Reach Out and Read – Milwaukee (ROR-M)
Reach Out and Read – Milwaukee (ROR-M) Children’s earliest literacy begins at home with their families. The links between literacy and poverty are well documented. Reach Out and Read is a national program that improves language development in children. The goal of ROR-M is to assess and improve literacy development including health literacy in urban populations.
In partnership with Downtown Health Center, ROR-M developed a protocol: Is the Message Getting Through? to accomplish the following objectives:
- Assess early literary resources within zip codes of existing DHC patient population
- Evaluate readability level of DHC patient education materials
- Administer Short Test of Functional Health Literacy in Adults (STOFHLA)/ and After Books Reading Survey (BABAR) to assess health literacy, parental attitudes and practices regarding reading with children
- Obtain parent opinions about book selection for ROR-M
- Identified that 79% of patients come from 10 zip codes. Overall, there were 13 (Range 0-5/zip code) early literacy resources identified in those 10 zip codes.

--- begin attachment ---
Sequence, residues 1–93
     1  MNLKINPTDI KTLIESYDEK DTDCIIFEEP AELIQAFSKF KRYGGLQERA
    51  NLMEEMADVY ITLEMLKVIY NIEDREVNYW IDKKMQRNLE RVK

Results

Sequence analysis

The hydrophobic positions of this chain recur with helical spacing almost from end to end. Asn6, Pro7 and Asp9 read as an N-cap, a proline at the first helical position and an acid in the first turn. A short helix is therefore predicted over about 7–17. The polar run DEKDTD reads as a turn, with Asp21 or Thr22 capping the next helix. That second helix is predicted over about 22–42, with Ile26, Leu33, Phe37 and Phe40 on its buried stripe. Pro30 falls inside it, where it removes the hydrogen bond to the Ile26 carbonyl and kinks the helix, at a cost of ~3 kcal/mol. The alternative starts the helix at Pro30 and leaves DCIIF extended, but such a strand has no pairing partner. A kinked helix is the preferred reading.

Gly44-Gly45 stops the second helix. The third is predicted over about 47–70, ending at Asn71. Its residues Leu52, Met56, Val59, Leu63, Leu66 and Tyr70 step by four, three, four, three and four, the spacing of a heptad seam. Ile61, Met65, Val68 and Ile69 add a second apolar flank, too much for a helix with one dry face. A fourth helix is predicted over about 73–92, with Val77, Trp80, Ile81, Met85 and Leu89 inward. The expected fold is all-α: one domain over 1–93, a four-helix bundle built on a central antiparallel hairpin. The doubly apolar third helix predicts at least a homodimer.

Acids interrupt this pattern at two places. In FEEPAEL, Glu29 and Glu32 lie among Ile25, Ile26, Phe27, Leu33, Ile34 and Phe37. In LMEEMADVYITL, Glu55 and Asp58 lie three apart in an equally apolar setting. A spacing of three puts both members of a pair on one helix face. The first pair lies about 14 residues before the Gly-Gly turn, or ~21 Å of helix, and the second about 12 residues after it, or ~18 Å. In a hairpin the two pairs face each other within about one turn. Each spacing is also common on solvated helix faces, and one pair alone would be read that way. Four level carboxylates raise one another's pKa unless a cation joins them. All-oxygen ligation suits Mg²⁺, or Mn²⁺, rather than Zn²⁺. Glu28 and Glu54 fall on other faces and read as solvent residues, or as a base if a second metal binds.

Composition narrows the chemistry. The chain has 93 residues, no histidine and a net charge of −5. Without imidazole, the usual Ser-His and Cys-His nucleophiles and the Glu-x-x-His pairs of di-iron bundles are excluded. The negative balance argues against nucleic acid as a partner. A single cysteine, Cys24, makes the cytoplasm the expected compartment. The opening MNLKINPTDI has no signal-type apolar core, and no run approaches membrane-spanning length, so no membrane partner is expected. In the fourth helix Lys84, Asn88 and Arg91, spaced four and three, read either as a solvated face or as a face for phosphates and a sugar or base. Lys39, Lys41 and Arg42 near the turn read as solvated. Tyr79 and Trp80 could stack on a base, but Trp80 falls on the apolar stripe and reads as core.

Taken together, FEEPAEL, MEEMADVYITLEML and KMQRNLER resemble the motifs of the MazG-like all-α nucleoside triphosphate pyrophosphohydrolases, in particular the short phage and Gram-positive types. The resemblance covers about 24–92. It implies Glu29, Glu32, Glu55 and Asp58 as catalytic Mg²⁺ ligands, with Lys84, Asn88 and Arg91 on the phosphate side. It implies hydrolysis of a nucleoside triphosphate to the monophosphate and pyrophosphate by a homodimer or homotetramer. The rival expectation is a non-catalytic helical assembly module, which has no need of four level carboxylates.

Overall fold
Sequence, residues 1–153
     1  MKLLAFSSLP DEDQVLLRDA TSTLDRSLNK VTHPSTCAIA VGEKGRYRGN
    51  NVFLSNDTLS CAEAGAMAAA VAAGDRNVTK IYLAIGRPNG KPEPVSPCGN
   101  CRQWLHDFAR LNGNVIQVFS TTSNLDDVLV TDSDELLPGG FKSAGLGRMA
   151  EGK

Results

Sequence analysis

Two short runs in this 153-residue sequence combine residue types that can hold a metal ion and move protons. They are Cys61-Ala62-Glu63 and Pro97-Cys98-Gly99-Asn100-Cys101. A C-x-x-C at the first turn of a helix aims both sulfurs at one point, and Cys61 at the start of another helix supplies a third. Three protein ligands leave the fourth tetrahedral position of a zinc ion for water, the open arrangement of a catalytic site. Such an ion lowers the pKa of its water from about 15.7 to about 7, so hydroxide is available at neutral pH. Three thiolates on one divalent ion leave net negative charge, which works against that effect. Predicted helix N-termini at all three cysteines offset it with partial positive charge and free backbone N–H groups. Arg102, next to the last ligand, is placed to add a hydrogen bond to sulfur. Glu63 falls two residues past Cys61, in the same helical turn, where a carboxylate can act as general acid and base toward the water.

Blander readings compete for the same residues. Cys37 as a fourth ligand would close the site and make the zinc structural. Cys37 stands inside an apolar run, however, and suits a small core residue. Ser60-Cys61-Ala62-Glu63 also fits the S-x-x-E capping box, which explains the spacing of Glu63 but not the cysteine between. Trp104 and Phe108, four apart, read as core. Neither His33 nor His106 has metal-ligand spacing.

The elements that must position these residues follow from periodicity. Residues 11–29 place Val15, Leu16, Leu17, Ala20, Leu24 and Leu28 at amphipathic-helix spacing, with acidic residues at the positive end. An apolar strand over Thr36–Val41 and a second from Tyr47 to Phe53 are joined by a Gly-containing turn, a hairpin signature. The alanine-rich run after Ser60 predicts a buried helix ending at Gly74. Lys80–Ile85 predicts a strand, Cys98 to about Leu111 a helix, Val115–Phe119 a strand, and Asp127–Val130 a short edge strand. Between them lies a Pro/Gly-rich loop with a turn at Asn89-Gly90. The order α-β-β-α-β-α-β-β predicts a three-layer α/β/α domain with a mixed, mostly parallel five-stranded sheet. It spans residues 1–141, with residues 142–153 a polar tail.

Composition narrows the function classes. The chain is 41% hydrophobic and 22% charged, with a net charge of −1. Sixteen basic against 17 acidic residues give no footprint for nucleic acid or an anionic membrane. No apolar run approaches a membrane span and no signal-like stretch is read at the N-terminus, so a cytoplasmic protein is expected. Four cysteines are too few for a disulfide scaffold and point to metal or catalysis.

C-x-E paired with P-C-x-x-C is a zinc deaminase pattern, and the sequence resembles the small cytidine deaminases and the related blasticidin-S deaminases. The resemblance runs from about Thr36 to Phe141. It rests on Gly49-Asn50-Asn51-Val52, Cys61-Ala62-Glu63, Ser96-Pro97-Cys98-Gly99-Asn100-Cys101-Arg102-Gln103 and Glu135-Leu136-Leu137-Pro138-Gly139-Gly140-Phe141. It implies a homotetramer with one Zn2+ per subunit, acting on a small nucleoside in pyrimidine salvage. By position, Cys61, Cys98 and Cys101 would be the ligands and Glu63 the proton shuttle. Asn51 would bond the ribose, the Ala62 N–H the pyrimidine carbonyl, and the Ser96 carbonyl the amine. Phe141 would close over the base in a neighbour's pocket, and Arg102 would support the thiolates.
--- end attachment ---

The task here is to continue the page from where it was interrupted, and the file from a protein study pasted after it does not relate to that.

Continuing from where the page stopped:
- Over half (68%) of patient educational material was recorded as 7th grade and higher (Range 7th-17th).
- Reading books was one of their favorite activities (69%) and part of their bedtime routine (50%).
- Three quarters (75%) had more than 11 books in their home and 63% possessed library cards.
- Health literacy levels by determining parents’ ability to comprehend basic medical concepts and what they must do in order to stay healthy. Parents had either an Adequate Reading Level (92%) or Marginal Reading Level (8%).
- Most (88%) parents bought books for their children in addition to the ROR-M books that they received at their doctor’s appointment.
- Parents (63%) expressed a preferred for books with words & pictures that have a moral lesson.
- Half of the parents allowed their child to choose their own books.
Limitations of this study is that convenience sampling results in self-selection of parents to be assessed that might have higher literacy levels and under representation of families at greatest risk for literacy challenges.